A Delirium Productions Film www.delirium-productions.co.uk
Artifice is a simple story. The narrative is one that doesn’t press any boundaries into unfamiliar territory. The struggles of the two characters could be considered somewhat common (at least in that bad shit happens to people; the particularities of course being unique). It’s the conceptual epicenter of Artifice where the film finds it unique placing. Framed around the nature/culture divide, Artifice explores the ways in which these often-touted disparate realms of life cross-contaminate each other. As the characters deal with the transformative event around which the story circles, they find themselves situated in locations that could fit nicely into either the category of the natural or the cultural.
Through the years of study that I’ve undertaken, I’ve begun to grow increasingly suspicious of such a divide. This is not to claim that speaking of nature or culture is in fact useless; on the contrary I think these terms do have practicality. Rather, my suspicions center around the idea that the world is divided so neatly into these two compartments… in fact, that the world is divided into any sort of dual compartmentalization (nature/culture, real/fake, material/immaterial, fact/fiction, etc.). This type of pre-fabricated packaging is often assumed to be the case by many in the West today. For instance, the natural is often thought to be a place of solace, of peace, of serenity; a place to connect with the divine; a way to escape the business of culture and all the stresses, dangers, and anxieties that inherently dwell there; nature is assumed to be that place where humans can re-connect with their origins, their foundational being; nature is that place of purity that exists untainted in-itself. Culture on the other hand is a profoundly human project; one that is created through will-power, inventiveness, intent, and manipulation of the material resources of nature. Pop psychology often warn of the dangers of allowing cultural pressures to wipe away our true being, our natural essence. We are encouraged to go camping, to drive through the hillside, to picnic, to take walks through natural reserves – all for the purpose of getting us back to right.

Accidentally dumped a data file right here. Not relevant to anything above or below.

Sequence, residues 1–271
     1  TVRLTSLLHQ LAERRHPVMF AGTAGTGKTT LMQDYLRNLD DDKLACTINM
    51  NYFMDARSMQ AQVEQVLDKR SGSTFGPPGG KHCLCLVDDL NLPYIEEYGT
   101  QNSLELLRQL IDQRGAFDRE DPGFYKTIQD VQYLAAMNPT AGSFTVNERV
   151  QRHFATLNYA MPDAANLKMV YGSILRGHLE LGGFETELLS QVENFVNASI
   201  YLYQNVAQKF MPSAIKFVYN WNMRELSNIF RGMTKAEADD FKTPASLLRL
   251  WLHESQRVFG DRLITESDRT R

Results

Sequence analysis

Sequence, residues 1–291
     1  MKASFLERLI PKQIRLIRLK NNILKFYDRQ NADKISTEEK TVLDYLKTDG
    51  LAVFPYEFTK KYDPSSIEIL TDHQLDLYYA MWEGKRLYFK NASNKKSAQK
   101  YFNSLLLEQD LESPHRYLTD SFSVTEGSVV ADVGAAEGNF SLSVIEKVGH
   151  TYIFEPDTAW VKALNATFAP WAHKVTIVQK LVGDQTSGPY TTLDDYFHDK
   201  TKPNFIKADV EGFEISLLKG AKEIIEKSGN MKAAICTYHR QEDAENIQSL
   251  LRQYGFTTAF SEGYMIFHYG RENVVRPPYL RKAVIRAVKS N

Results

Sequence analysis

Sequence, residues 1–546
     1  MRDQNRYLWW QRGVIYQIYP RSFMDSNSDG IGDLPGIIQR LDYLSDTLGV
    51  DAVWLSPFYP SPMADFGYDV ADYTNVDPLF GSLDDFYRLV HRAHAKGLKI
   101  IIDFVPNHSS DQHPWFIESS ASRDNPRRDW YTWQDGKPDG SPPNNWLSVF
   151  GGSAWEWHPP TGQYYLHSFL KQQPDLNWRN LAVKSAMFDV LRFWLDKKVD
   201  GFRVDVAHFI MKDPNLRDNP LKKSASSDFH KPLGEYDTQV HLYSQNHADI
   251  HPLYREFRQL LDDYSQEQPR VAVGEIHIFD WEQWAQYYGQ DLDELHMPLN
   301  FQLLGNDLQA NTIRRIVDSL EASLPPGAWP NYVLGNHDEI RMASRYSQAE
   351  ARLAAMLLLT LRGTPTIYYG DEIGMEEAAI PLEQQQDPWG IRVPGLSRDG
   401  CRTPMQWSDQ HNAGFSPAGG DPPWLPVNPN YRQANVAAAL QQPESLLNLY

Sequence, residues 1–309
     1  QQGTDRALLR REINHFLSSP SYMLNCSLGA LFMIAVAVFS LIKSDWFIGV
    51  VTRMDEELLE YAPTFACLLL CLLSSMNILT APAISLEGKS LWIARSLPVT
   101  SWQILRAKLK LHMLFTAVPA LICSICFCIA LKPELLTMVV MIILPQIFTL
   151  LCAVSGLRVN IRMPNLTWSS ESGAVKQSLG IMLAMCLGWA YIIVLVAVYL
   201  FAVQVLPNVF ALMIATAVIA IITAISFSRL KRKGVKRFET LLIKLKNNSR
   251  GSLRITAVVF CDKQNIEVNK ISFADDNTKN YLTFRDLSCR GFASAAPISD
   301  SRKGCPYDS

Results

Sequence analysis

It is this notion of getting us back to the natural that I rebel against. There is an ethical intimation in such a decree, one that seeks justice for the human by freeing us from that which is ‘artificial.’ It is this moral campaign that I eschew. For there is no war between nature and culture, except for the one that has been fabricated by the historical development of Modern thought. This war is a diversion. It takes our attentions away from the potential power of Life that insists in all spaces and planes.
Artifice is a project that refuses to accept this war as necessary. The bright lights of the city, the endless supply of commercial retail options, the advanced technology that makes economic consumption easier/faster, the toys that entertain us – they are no more constructs than the waters of the rivers that separate the mountains; than the flora that provides nourishment for its fauna; or the wind that disrupts a film shoot. An ant hill and a skyscraper are both tremendous feats of construction, one no more natural than the other.
But this is merely subtext, inspiration for the film. There are no long academic treatises. There is no brow-beating of intense, deep philosophical ideals. The script steers clear from any and all pedantry. What is left is a very simple story:
One Couple. One Event. Two Reactions. Endless Possibilities.